The modelling world have strict limitations on what they see as beautiful, but many brands are seeking to break those chains.
Some of them may not use authenticity, but Dove’s latest batch of stunning imagery are gorgeously genuine.
They show off the essence of the models themselves, and their personalities jump from the photographs.
Izzy’s bright and sunny nature as well as her taste for the colourful are weapons in her beauty arsenal, but her wheelchair assists her in her quest for confidence.
“I think that we’re living in an era when finally brands like Dove are starting to realise that it’s not acceptable to just show one type of body or one type of person. It’s really important for even their own sales and their own business that their audience is able to relate to the image they put out to the public," Izzy shared.
Writers and activists like Erin Clark are opening up more and more about the difficulties of never seeing your appearance in the media, and slowly progress is being made.
How does Izzy feel when she sees how limited images in the media are in terms of ableism?
"It can be really annoying when people like myself open up the fashion magazines and I don’t see anyone like myself, but things are going in the right direction.
"There’s always further to go and I can’t wait to see the strides that are made by everyone to be more inclusive, it’s an incredible thing to be part of. It’s really about embracing the thing that makes you different," she continues.
Izzy’s wheelchair is a device used for her creative-expression, why should a wheelchair only be seen as mechanical?
We were interested to hear Izzy’s own personal inspirations, and who she loves to see on the covers of magazines representing her.
“Sinéad Burke is an absolute legend, I absolutely love her. There are so many people making big waves in the area of diversity," she says.
"There’s such an opportunity there. People shouldn’t be afraid to tap into that, and push the boat a bit.”
The campaign hopes to target those who work in the media as well as those who deserve to be included and see their own faces reflected back to them.
What makes the images extra special is that each woman photographed has chosen the search result tags, meaning they have digitally taken control back over their own beauty.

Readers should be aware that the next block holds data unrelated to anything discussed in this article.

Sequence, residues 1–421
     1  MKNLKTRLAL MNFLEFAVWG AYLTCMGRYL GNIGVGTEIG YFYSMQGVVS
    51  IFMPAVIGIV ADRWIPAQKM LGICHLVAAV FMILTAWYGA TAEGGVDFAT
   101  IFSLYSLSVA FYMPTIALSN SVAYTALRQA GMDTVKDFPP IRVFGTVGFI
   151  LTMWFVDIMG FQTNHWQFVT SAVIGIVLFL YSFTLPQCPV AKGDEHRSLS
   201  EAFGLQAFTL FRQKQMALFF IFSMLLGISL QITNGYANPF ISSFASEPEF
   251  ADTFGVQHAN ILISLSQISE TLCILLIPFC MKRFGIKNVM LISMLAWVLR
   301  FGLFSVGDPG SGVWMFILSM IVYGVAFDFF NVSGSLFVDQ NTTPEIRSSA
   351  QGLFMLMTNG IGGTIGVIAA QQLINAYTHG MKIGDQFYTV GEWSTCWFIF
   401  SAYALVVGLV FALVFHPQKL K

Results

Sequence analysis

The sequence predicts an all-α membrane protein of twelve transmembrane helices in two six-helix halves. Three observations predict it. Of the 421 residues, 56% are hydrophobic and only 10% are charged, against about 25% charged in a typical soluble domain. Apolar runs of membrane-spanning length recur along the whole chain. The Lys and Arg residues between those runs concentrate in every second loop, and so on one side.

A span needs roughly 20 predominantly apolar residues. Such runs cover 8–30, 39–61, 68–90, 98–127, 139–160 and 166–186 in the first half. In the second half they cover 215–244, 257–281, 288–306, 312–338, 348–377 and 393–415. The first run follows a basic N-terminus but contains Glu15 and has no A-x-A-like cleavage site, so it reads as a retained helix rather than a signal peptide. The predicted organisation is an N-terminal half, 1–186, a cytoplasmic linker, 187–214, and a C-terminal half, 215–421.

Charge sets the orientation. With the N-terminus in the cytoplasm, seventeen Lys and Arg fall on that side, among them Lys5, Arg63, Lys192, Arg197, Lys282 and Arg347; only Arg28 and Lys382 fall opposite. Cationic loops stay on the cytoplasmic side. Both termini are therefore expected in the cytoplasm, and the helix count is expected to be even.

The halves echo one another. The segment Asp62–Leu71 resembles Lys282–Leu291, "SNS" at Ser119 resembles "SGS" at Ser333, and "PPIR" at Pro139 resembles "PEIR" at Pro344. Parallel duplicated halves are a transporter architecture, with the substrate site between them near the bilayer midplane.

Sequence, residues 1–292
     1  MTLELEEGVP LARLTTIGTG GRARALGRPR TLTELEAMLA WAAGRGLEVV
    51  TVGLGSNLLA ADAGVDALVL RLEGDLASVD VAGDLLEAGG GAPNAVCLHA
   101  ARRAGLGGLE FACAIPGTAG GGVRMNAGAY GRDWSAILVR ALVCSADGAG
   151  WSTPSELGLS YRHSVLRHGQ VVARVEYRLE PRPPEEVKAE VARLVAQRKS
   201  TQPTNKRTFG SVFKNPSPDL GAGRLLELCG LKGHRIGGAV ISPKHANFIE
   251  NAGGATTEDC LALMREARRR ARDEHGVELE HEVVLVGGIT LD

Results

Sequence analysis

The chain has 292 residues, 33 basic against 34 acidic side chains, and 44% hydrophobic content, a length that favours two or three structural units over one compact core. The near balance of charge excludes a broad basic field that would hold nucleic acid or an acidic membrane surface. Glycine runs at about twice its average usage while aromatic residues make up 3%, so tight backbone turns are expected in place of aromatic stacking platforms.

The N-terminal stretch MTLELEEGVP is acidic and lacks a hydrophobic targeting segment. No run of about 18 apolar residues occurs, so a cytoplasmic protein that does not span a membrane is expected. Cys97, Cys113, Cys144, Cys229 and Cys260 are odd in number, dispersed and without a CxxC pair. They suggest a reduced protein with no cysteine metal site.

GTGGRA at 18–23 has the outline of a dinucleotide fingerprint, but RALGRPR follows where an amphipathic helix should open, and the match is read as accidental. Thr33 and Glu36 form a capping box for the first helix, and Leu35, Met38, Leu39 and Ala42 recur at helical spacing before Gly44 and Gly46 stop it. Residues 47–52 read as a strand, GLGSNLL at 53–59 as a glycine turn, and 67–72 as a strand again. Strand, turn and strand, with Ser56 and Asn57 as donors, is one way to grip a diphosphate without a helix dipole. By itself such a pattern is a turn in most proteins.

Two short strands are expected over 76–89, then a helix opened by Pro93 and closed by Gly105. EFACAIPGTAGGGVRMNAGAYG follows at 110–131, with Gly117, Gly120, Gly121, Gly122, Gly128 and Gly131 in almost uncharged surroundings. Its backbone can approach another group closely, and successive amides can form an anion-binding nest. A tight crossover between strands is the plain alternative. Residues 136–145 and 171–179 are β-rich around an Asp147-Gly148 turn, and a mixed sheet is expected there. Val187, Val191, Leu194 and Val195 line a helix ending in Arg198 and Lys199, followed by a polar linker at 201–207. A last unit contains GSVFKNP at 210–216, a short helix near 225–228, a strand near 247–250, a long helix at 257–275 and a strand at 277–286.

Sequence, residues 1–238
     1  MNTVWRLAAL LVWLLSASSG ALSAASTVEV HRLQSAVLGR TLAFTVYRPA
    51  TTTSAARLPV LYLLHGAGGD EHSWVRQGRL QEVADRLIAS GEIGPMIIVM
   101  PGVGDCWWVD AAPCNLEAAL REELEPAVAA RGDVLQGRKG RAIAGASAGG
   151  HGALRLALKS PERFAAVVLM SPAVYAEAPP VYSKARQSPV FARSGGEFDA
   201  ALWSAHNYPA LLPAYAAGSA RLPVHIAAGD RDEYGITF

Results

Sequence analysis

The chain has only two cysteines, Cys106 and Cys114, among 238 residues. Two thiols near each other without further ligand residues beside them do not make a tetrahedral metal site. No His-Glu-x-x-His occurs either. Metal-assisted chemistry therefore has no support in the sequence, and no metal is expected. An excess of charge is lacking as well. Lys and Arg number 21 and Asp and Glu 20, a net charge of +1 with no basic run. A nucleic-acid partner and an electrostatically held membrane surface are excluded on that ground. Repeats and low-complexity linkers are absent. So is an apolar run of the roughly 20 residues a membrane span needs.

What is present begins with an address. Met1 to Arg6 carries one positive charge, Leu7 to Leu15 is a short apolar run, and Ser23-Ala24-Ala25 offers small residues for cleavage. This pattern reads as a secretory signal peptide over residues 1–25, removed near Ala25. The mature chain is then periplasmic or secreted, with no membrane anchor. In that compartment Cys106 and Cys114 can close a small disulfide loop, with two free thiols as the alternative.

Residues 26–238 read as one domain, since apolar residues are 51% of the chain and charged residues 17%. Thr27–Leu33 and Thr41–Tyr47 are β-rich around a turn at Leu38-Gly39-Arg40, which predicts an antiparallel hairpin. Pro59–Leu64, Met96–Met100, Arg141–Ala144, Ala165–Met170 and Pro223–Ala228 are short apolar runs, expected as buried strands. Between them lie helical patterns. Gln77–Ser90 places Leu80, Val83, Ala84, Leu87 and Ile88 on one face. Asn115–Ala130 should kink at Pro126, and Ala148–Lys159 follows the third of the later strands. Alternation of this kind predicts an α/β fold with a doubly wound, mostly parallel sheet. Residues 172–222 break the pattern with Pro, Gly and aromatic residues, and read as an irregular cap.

Izzy's goal is to share that part of her which she wants seen the most:
“My wheelchair! The wheels do so much for me, and I think it’s so important out of a sign of respect to show it off well and make it look nice. It’s an extension of my body and it tells such an interesting story.”
#SeeUs is a direct challenge for the beauty industry to tackle, what does Izzy hope the audience will get from seeing these pictures?
“I think so many different groups will finally feel represented and included. For someone like me can be asked by a brand such as Dove to work with them is incredible, it’s a dream come true."
"Other people will realise that that kind of dream will come true for them too.”
Women worldwide can get involved in #ShowUs: go to Dove's website to share your images.
Check out Izzy Wheels' incredible array of wheelchair cover designs by Ailbhe Keane and other artists here.
The next Captain America (Falcon) is now a black man, a woman will play Thor, Mahershala Ali is starring in the Blade reboot and an Asian-Canadian newcomer Simu Liu snagged his role as Shang-Chi by literally annoying Marvel on Twitter.
Black Panther 2 is also in the works, and hilarious actress/comedian Awkwafina will join Simu Liu in Shang-Chi and the Legend of the Ten Rings.
the diversity that’s in these upcoming marvel shows and shows is so important and wonderful to see. there’s been a real lack of real and accurate representation in the mcu and it’s about bloody time that they stepped the fuck up.
Much diversity, many feels. Thank Goddess they came to their senses and decided to include people, now we need women and people of colour, as well as people with disabilities in the writing room and director's seats.
Many fans are pointing out that the billion-dollar company waited until it was convenient and profitable for them to bring diversity to the table, but we just have to be grateful they finally stepped up.
Avengers: Endgame has just become the best-selling movie of all time, beating out Avatar in the box office.
The stunning size 16 model encourages people to adore their bodies on her podcast, dismissing the idea that a career should be based around your weight.
"This is my natural weight and I’ve been able to make a career from it. If I was to stop liking cake and lost weight then I would probably lose clients because when you get down to a size 14/12 it can be harder to get jobs."
Love Island features contestants with identical, gym-obsessed physiques, which can often lead to controversy given their audience of young women and girls.
The casting announcement has arrived just after an insider revealed that the show will see more variety in terms of the islanders' bodies.
"With everything that’s happened, bosses know that the show will be under intense scrutiny this year so they’ve gone back to see what it is the viewers want, and if there’s anything they can do to make it better."